Experiencing abuse or neglect as a child can cause multiple mental health problems, finds a new study led by UCL researchers.
The research, published in the American Journal of Psychiatry, seeks to examine the causal effects of childhood maltreatment on mental health problems when accounting for other genetic and environmental risk factors, such as a family history of mental illness and socioeconomic disadvantage.
This is first-of-its-kind research and the team analysed 34 quasi-experimental studies, involving over 54,000. Quasi-experimental studies are beneficial as they better establish cause and effect in observational data by using specialised samples (example: identical twins) or innovative statistical techniques to rule out other risk factors.
Measuring how maltreatment causes mental health problems
Within the studies, the researchers discovered small effects of child maltreatment on a range of mental health problems, including internalising disorders such as depression and self-harm, and externalising disorders like alcohol, drug abuse, and psychosis.
The researchers defined childhood maltreatment as any physical, sexual or emotional abuse or neglect before the age of 18.
They found the effects were consistent regardless of the method used or the way in which maltreatment and mental health were measured. Furthermore, preventing eight cases of child maltreatment would prevent one person from developing mental health problems.
Corresponding author, Dr Jessie Baldwin (UCL Psychology & Language Sciences), said: “It is well known that child maltreatment is associated with mental health problems, but it was unclear whether this relationship is causal, or is better explained by other risk factors.
“This study provides rigorous evidence to suggest that childhood maltreatment has small causal effects on mental health problems. Although small, these effects of maltreatment could have far-reaching consequences, given that mental health problems predict a range of poor outcomes, such as unemployment, physical health problems and early mortality.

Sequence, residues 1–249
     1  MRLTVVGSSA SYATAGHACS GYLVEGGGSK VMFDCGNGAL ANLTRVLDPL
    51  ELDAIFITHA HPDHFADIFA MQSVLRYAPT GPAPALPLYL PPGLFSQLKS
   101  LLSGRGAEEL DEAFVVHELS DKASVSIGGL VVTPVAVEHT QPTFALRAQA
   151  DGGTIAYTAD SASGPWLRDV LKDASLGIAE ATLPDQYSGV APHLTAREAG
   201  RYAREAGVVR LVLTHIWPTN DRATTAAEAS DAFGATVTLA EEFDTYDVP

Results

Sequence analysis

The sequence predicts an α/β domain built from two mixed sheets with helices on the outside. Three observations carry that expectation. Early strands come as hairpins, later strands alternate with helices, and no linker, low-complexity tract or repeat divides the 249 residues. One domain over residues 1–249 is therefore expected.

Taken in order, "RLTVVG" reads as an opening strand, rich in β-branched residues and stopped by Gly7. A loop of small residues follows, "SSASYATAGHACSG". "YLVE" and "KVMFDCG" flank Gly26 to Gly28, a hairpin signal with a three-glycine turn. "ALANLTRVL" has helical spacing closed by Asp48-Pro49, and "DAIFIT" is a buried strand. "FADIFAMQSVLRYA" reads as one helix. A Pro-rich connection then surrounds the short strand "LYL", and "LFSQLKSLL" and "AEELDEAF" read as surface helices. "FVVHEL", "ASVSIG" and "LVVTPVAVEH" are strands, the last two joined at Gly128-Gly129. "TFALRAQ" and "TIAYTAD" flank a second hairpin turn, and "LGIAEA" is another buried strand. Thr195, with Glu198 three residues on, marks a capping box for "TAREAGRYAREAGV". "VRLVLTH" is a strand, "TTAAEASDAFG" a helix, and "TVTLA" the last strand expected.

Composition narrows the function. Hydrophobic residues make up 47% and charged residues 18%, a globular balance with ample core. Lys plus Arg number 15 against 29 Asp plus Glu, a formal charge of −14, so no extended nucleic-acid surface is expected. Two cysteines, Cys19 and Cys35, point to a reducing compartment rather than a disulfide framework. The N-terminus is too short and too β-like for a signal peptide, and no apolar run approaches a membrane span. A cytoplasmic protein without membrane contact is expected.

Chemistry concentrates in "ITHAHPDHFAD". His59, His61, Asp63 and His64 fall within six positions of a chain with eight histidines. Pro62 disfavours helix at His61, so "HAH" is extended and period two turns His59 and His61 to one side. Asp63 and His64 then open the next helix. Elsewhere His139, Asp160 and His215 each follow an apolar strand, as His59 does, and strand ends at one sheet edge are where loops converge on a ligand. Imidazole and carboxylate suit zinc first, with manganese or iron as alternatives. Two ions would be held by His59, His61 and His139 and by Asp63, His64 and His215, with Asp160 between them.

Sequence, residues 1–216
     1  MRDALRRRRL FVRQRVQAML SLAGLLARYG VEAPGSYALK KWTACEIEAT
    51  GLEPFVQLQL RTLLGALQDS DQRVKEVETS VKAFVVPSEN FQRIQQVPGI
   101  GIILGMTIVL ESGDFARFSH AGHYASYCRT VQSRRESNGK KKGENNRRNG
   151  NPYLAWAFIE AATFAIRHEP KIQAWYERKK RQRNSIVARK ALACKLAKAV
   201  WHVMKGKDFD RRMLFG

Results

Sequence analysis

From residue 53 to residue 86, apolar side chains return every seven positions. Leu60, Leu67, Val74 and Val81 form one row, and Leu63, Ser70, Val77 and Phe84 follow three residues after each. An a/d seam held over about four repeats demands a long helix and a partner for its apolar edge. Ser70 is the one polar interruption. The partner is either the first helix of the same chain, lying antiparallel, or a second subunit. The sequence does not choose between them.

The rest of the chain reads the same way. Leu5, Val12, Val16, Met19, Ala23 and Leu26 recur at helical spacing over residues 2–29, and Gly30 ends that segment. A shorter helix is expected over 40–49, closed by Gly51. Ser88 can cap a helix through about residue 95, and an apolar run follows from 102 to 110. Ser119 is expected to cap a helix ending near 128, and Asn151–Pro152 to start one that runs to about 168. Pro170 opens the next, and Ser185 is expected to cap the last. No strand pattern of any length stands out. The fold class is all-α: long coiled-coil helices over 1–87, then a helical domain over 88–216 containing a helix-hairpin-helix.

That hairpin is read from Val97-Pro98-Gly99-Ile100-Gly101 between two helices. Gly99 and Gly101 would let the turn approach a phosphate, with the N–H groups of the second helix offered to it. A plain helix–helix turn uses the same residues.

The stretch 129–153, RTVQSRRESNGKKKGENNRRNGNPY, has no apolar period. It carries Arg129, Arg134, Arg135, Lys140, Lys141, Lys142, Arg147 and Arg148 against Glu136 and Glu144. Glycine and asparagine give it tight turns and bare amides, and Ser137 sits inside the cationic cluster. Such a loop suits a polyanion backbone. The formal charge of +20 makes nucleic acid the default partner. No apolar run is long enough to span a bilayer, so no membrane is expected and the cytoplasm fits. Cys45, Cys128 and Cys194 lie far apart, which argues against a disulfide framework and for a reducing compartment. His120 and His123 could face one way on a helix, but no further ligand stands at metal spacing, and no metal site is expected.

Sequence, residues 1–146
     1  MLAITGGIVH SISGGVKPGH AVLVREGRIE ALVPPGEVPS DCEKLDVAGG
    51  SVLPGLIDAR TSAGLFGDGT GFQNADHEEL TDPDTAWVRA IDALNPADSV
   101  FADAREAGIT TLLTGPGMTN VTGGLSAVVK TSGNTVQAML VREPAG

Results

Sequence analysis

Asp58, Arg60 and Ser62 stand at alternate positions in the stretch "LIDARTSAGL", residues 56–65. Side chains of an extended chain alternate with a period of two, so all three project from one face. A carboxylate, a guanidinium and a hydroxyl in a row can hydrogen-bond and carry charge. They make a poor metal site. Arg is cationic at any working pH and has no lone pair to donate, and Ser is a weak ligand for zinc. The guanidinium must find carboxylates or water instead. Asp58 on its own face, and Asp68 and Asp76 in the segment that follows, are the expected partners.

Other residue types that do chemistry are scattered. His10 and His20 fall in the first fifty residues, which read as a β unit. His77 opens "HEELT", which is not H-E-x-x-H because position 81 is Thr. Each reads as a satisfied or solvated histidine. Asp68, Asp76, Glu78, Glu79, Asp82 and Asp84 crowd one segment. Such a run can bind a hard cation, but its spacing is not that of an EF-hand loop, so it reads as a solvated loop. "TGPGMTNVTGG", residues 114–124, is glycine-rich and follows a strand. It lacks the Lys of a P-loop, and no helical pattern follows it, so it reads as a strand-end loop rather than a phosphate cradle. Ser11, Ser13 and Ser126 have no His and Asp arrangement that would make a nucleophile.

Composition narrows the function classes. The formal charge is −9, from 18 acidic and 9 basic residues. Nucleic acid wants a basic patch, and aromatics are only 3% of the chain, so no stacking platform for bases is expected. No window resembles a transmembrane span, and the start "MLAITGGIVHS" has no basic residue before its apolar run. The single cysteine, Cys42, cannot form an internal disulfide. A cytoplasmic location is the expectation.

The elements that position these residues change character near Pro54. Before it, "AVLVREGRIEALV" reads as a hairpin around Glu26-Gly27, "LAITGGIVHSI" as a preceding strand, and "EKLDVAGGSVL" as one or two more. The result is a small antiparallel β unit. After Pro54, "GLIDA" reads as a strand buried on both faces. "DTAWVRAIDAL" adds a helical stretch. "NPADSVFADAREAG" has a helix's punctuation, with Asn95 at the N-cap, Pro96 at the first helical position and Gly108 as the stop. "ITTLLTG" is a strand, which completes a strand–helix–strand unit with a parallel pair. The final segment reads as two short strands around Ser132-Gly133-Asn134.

“Interventions that prevent maltreatment are therefore not only essential for child welfare, but could also prevent long-term suffering and financial costs due to mental illness.”
Moreover, the researchers found that part of the overall risk of mental health problems in individuals exposed to maltreatment was due to pre-existing vulnerabilities including potentially adverse environmental such as socioeconomic disadvantage and genetic liability.
Dr Baldwin said: “Our findings also suggest that to minimise risk of mental health problems in individuals exposed to maltreatment, clinicians should address not only the maltreatment experience, but also pre-existing psychiatric risk factors.”
The study may be subject to potential biases
Each of the quasi-experimental studies analysed may have been subject to potential biases. However, the findings were consistent across studies using different quasi-experimental methods, suggesting the findings are robust.
Furthermore, it was impossible to draw firm conclusions about the specific effects of different types of maltreatment, as it is common for the different types of abuse/neglect to happen at the same time, and studies rarely account for this.
The lack of available data also means that they could not examine the effects of the timing of maltreatment, the interval between maltreatment and mental health issues, or differences between racial or ethnic groups. Future quasi-experimental research is needed to address these questions.